I’m in the middle of reading this book called Not in Front of the Servants by Frank Victor Dawes, which explains what it was like to be a servant in the Victorian and Edwardian eras.
I’ve told you a few insane stories about employers having sex with their servants and what a moral minefield that was. I’ve also told you about the cheap, inconsiderate, and just plain strange habits of employers. Today we’re going to take a more practical look at things: how many servants made up an aristocratic estate.
“At the turn of the twentieth century, the kitchen staff at the Duke of Portland’s home at Welbeck Abbey comprised a steward, wine butler, under butler, groom of chambers, four royal footmen, two steward’s room footmen, master of the servants’ hall, two pageboys, head chef, second chef, head baker, second baker, head kitchen maid, two under kitchen maids, sundry vegetable maids and scullery maids, head stillroom maid, hall porter, two hallboys, kitchen porters and six odd-job men.
“The Duke also employed a head housekeeper, a valet, a personal maid for the Duchess, his daughter’s personal maid, head nursery governess, tutor, French governess, schoolroom footman and fourteen housemaids. There were six engineers and four firemen to look after the steam heating and the new-fangled electric plant, a telephone clerk and assistant, a telegrapher and three night-watchmen.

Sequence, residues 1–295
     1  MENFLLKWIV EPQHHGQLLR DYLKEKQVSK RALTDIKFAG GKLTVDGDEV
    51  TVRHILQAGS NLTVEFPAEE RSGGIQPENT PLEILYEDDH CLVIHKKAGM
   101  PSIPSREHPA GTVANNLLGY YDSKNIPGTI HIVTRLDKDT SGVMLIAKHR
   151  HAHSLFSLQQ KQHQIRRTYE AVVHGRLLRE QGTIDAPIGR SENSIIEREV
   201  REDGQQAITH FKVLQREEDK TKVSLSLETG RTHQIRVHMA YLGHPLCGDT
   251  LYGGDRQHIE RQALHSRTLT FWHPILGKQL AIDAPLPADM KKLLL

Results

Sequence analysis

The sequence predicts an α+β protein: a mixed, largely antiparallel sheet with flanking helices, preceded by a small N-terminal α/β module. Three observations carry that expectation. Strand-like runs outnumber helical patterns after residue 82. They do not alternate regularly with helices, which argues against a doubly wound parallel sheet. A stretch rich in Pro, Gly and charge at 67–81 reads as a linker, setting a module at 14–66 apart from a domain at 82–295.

“Outdoors there were more than thirty servants in the stables and a similar number employed in the newly installed garage, although it was more than a decade ahead of the time when the motor car would oust the horse-drawn carriage. Other servants worked in the gardens, home farm, gymnasium, golf course and laundry. Also, there was a head window cleaner and two assistant window cleaners” (16-17).
This place makes Downton Abbey (even pre-war) look like a positive hovel. By my calculations (and conservative estimates when they didn’t specify exact numbers), the Duke employed 186 people for the maintenance of his estate (which, I grant you, was considerable) and for the care of four people. This isn’t even taking into account the servants that would be hired when his second son was born, or when his two boys got older and required tutors of their own.